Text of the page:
Acknowledging that gun control will be part of the solution President Obama will pursue in response to the slayings of 26 small children and educators at a Connecticut elementary school, the White House said there is no single solution or legislative fix to stem the scourge of gun violence in the country.
Gun violence in America is a "complex problem that will require a complex solution," White House spokesman Jay Carney told reporters Monday, declining to forecast specific legislative proposals the president plans to pursue in the weeks and months ahead.
"No single piece of legislation, no single solution, will fully address the problem," Mr. Carney said. "I don't have a specific agenda to announce to you today."
Echoing the president's remarks to victims' families and members of the surrounding community at a vigil Sunday night in Newtown, Conn., "in the coming weeks," Mr. Carney said, the White House would use "whatever power this office holds" to engage law enforcement officials, mental health professionals, educators and others toward efforts to prevent more gun-related tragedies.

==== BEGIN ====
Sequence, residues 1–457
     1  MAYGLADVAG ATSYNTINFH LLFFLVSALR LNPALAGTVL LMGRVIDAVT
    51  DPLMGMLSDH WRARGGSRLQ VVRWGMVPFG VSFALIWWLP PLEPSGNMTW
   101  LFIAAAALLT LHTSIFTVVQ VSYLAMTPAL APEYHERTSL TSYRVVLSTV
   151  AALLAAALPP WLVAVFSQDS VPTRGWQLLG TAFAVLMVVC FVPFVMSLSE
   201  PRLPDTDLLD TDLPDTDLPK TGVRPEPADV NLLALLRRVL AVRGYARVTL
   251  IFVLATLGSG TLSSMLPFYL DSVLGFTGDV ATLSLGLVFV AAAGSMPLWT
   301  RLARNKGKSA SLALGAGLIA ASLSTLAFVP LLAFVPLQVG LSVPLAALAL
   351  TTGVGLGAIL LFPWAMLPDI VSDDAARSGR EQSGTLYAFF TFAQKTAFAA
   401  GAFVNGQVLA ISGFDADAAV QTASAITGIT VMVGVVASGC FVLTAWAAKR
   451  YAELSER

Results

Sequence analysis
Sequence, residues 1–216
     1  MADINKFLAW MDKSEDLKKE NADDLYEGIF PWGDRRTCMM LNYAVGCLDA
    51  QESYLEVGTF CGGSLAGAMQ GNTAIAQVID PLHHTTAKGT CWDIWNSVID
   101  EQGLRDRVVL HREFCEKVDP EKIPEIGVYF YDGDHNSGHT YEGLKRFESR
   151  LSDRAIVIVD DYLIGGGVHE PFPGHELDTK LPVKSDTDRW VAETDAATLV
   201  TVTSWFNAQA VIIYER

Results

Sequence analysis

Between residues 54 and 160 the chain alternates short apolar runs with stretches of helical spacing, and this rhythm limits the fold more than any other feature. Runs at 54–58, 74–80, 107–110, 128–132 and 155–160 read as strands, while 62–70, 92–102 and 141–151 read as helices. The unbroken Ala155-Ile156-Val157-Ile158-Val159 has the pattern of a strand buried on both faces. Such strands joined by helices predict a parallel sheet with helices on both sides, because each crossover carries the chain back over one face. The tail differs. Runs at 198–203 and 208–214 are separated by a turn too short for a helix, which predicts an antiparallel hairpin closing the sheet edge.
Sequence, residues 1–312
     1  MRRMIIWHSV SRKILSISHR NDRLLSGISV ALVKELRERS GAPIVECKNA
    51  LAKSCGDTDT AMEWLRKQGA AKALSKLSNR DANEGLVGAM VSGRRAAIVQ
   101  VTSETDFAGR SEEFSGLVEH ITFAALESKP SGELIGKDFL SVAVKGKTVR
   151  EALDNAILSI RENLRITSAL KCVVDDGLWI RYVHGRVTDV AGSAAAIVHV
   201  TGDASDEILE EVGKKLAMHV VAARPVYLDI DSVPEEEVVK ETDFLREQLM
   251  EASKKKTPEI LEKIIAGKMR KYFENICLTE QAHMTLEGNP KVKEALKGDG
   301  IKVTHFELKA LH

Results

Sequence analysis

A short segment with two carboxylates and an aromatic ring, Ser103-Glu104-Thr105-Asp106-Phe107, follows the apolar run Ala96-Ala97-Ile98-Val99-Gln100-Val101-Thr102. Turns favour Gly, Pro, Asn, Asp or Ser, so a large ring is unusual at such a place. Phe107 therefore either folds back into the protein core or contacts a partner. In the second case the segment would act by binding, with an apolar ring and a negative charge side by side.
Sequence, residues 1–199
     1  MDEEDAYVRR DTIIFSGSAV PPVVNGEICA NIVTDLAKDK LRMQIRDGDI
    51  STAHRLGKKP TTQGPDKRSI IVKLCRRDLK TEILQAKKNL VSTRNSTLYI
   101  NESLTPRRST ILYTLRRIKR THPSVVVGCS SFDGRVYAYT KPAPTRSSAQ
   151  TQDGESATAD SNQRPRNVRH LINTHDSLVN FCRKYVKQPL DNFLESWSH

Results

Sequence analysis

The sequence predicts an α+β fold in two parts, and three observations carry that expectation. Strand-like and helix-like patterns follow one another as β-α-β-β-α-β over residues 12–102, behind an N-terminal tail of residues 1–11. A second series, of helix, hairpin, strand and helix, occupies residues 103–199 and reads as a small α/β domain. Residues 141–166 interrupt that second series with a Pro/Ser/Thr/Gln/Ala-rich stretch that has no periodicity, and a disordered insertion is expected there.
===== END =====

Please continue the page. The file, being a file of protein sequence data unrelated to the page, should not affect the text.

"Because what choice to we have?" Mr. Obama said. "We can't accept events like this as routine. Are we really prepared to say that we're powerless in the face of such carnage? That the politics are too hard?"
"Are we prepared to say that such violence visited on our children year after year after year is somehow the price of our freedom?" he asked.
Responding to questions, Mr. Carney repeatedly noted Mr. Obama's support for reinstating the assault weapons ban, which prohibited the manufacture for civilian use of certain semi-automatic firearms from when Congress first passed the bill in the fall of 1994 to 2004, when the law expired.
But he would not say whether Mr. Obama was referring to gun rights when he spoke Sunday of the "price of freedom."
"He meant broadly — those and other issues," he said.
Mr. Carney also acknowledged Washington's powerful gun lobby, predicting that any effort to impose new gun restrictions would face serious obstacles.
Gun-control activists are urging the president to take up new restrictions in the aftermath of the Connecticut massacre. Sen. Dianne Feinstein, a California Democrat who co-authored the 1994 assault-weapons ban, on Sunday pledged to introduce new legislation at the beginning of the next Congress.
A gun-control petition posted on the White House's website had attracted nearly 150,000 signatures in three days since the Friday shootings at the elementary school.
At least for now, Mr. Obama appears to be holding at bay those gun-control advocates calling for him to seize the moment and take immediate action.
"In the coming weeks — he did not talk about months or years — he will engage in an effort to bring an array of people in the American public together to move forward to try to prevent these tragedies from happening again," Mr. Carney said.
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